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harlem, usa
same-gender-loving contemporary descendant of enslaved africans. community activist, feminist, health educator, independent filmmaker, mentor, playwright, poet & spiritual being. featured at, in & on africana.com, afrikan poetry theatre, angel herald, bejata dot com, bet tonight with tavis smiley, blacklight online, black noir, brooklyn moon cafe, gmhc's barbershop, klmo-fm, lgbt community services center, longmoor productions, nuyorican poets cafe, our corner, poz, pulse, rolling out new york, rush arts gallery, saint veronica's church, schomburg center for research in black culture, sexplorations, the citizen, the new york times, the soundz bar, the trenton times, the village voice, upn news, uzuri, venus, vibe, wbai-fm, wnyc-fm & wqht-fm. volunteered with adodi, bailey house, inc., black men's xchange-new york, colorofchange.org, drug policy alliance, east harlem tutorial program, imagenation film & music festival, presente.org, save darfur coalition, the enough project, the osborne association, the sledge group & your black world. worked on films with maurice jamal & heather murphy. writing student of phil bertelsen & ed bullins. mjt975@msn.com.

Monday, July 29, 2013

Fast Food Workers Strike For Higher Wages Around The Country

thousands of workers in seven american cities went on strike, demanding wages for $15/hour and the right to unionize. building on the momentum of an initial strike last november in new york city, organizers say dozens of restaurants in chicago, detroit, flint, kansas city, milwaukee, new york city and st. louis will be affected by waves of worker walkouts over the course of the week.

"these workers need a raise and they need representation in the workplace," said martin rafnan, community director for stl735. the acronym stands for "st. louis can't survive on $7.35," referring to missouri's minimum wage. rafnan said the group, which plans to strike today and tomorrow, hopes to build on a strike last may, when about 100 workers walked off the job.

rafnan said, "in this particular set of actions this week, we're expecting to strike 50 stores and between 100 and 200 workers." he added the response to the strike in may was greater than anticipated - the group only expected 40 or 50 workers to walk out. rafnan said, "it ended up being a much bigger thing."

today's action could see 500-plus workers at dozens of new york city fast food restaurants abandoning their posts for picket lines, said jonathan westin, director of fast food forward and executive director of new york communities for change. at a mcdonald's across the street from yankee stadium, several dozen people chanted, "we can't survive on $7.25."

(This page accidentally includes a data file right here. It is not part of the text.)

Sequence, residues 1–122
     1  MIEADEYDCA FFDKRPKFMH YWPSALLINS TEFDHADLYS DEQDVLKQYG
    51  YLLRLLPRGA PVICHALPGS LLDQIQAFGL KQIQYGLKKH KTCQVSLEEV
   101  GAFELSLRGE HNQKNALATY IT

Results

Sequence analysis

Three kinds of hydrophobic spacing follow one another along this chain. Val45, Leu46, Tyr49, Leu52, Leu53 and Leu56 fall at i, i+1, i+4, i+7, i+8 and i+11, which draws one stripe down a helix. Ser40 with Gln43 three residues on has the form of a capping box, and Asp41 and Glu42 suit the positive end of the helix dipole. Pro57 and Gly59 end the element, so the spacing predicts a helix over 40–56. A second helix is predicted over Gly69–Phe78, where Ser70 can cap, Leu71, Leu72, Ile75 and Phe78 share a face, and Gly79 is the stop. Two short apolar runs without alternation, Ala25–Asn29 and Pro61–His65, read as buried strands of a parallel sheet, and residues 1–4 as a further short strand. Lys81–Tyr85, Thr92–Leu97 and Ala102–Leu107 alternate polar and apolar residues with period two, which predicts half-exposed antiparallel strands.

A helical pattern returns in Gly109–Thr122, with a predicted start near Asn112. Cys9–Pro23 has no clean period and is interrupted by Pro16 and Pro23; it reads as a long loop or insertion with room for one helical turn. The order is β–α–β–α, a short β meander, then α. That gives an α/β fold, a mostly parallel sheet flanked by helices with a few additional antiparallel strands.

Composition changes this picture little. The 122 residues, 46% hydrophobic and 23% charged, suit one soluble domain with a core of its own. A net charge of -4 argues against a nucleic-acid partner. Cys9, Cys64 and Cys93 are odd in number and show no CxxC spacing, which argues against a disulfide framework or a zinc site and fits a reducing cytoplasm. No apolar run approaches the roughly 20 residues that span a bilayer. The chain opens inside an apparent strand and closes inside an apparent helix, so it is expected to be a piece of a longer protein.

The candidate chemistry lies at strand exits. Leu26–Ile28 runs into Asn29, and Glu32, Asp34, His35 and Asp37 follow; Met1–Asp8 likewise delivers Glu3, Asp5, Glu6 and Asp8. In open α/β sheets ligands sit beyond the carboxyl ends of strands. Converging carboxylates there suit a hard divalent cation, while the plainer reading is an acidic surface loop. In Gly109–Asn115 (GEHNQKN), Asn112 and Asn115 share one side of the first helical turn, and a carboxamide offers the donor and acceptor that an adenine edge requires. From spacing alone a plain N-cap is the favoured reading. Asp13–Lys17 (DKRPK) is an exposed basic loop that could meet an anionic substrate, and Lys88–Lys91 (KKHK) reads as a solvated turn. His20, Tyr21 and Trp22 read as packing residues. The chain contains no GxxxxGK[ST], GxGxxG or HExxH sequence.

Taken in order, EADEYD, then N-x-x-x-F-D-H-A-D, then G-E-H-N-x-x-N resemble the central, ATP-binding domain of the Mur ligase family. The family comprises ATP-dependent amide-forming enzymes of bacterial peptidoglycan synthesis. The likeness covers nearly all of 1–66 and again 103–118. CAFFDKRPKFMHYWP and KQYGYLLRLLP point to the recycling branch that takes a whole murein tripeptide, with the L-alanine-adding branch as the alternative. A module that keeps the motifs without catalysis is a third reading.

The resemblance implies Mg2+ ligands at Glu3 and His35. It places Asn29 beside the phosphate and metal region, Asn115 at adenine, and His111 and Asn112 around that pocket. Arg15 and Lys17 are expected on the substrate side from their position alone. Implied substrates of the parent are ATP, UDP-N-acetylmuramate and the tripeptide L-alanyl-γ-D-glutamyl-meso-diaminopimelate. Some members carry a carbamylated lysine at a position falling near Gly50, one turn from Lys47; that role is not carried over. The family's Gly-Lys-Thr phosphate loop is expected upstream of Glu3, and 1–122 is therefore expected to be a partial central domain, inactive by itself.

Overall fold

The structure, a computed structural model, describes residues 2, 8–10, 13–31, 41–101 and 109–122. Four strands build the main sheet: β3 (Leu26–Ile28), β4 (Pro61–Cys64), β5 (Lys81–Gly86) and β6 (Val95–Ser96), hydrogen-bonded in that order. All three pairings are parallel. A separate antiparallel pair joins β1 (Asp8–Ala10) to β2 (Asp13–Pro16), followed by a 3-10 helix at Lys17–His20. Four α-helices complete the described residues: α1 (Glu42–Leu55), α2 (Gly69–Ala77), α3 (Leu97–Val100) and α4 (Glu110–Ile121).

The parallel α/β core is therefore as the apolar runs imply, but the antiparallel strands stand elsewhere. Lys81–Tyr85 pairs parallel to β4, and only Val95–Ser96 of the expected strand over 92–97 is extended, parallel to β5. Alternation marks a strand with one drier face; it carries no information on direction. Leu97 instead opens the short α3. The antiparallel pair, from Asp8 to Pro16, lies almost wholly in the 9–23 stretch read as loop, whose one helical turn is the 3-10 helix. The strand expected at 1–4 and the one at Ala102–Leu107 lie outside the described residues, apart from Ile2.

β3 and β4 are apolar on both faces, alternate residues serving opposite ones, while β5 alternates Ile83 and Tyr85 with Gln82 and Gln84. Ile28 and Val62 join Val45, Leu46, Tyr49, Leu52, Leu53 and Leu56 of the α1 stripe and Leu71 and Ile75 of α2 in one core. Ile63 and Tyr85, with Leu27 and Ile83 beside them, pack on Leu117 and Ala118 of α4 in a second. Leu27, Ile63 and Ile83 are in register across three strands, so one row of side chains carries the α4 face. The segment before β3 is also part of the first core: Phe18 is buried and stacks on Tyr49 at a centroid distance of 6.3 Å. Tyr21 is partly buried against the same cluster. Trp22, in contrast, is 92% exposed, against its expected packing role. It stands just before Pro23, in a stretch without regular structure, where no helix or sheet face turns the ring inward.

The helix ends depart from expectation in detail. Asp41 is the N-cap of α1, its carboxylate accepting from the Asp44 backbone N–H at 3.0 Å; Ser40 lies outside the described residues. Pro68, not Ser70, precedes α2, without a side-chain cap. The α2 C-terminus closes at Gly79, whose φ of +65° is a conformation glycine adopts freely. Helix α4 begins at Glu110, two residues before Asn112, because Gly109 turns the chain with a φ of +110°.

in april, 400 fast food employees walked off the job in new york. at twice the size of the group's inaugural walkout last november, local organizers called that event the biggest fast food strike in the country - until now. these actions are designed to call attention to "the contradictions between the folks at the top...and the workers themselves living in poverty," westin said.

spokespeople from mcdonald's and yum brands (parent company of kfc, pizza hit and taco bell) referred questions to their trade group, the national restaurant association. bob bertini, a company spokesperson, said, "burger king restaurants offer compensation and benefits that are consistent with the qsr industry." he also said, "wendy's is still assessing the situation...we have no additional comment."    

this week's actions were fueled by a publicly criticized budget guide for mcdonald's workers recommending they get a second job and save $20/month for health insurance. also, a report by the national employment law project shows the vast majority of fast food positions are dead-end jobs. the group's earlier research found nearly 60% of post-recession job creation was for work paying $13.83/hr. or less. 

an open letter was signed by more than 100 economists and published this month by the university of massachusetts, amherst's political economy research institute. the letter is titled, "economists in support of a $10.50 u.s. minimum wage." the economists strongly believe raising wages would add just five cents to the price of a big mac.

the general perception of a fast food worker is a teenager with extra spending money. but the average age of today's fast food worker is 32, the letter said, which has much grimmer implications. "if a worker today is employed full time for a full 52-week year at a minimum wage job today, she or he is making $15,080. this is 19% below the official poverty line for a family of three," the letter also said.





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